Illustration: Aïda Amer/Axios

The tale of the latest Facebook data spill, announced Wednesday by security outfit Upguard, has a unique new twist: No one is shouldering responsibility for the half a billion user records that were exposed on a public server.

Driving the news: The story broke yesterday when Upguard reported it had found two troves of Facebook user data sitting on publicly accessible Amazon Web Services S3 "buckets" — cloud storage containers used mostly by backend programmers.

  • The first belonged to a Mexico-based media company, Cultura Colectiva, and contained 540 million user records.
  • The second contained a backup by the apparently defunct Facebook app "At the Pool," which, though much smaller, included more sensitive information, including plain text passwords for 22,000 users.

The data originated with Facebook. But Facebook maintains that fault lies not with its own practices but rather with the developers of the apps that carelessly stored their data.

  • "Facebook's policies prohibit storing Facebook information in a public database," the company told Axios. "Once alerted to the issue, we worked with Amazon to take down the databases. We are committed to working with the developers on our platform to protect people's data."

The data lived on Amazon's cloud servers. But Amazon says that responsibility for securing data stored with it lies with the companies that put it there.

  • AWS's S3 is like the internet's data warehouse. The programmers for tons of widely used apps and services use it as a cheap, flexible, on-demand source of storage. S3 buckets are set private by default but some are made publicly accessible so users can download data directly.
  • "AWS customers own and fully control their data," Amazon said. "When we receive an abuse report concerning content that is not clearly illegal or otherwise prohibited, we notify the customer in question and ask that they take appropriate action, which is what happened here."

The data was held by the app makers.

  • But one of them, "At the Pool," seems to be out of business.
  • The other, Cultura Colectiva, offered no apology in a statement that circulated among journalists on Twitter, but said that the data it was storing came from "the fanpages we manage" and was "public, not sensitive," information.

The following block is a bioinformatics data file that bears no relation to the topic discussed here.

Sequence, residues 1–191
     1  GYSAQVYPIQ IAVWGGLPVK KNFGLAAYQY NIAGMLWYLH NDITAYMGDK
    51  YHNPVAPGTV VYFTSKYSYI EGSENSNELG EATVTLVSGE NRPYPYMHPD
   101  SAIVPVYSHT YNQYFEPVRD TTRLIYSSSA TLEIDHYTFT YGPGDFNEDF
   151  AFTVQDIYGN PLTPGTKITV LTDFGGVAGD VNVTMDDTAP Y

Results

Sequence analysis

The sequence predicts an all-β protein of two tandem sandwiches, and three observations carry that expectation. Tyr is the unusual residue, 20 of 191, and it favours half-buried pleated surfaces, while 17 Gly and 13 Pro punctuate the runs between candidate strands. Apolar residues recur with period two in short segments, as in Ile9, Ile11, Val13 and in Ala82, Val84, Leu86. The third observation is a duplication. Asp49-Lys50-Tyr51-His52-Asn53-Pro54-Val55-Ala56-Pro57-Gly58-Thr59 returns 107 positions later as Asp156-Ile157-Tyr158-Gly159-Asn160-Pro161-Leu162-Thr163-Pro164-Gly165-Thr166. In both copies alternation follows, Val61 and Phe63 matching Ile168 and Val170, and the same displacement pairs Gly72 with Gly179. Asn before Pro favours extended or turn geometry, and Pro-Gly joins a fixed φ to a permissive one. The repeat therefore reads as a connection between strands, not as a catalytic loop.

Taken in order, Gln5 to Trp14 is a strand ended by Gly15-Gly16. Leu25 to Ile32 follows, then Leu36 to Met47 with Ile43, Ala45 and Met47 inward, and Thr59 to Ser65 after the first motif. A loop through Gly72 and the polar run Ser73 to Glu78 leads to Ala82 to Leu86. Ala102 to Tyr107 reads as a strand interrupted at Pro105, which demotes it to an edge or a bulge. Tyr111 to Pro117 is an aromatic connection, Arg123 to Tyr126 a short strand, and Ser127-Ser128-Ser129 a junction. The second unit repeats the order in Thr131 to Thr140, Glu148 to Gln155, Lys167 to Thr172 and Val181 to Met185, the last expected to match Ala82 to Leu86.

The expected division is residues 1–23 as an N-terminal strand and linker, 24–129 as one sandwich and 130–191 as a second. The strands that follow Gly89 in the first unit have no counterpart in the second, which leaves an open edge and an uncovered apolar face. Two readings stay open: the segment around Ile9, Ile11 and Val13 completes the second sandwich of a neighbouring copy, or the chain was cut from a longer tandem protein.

Our thought bubble: Everything these companies say may be correct, but none of it is satisfying.

  • App makers who are aggregating hundreds of millions of data points about their users owe it to them to protect the resulting databases from random downloaders, not leave them out like a stagnant data dump.
  • Amazon may reasonably let its customers decide whether data should be public or private. But it could also take more proactive measures to alert storage users about what information they've exposed to the whole internet. The world's biggest digital landlord has a role in cleaning up the dumps on its property.
  • Facebook rightly points out that it has tightened up its policies on sharing user data with app makers since last year's Cambridge Analytica debacle. But its lax privacy practices leaked user information to other companies for years. Incidents like this one will continue to erode public trust in Facebook until the company creates something like a digital Superfund to help clean up the messes it has made.

The bottom line: Facebook and Google have turned user data into advertising gold. But that data can also end up as garbage left out on the net in abandoned "buckets" for mischief-makers and criminals to pilfer. When that happens, "not our fault" won't reassure anyone.

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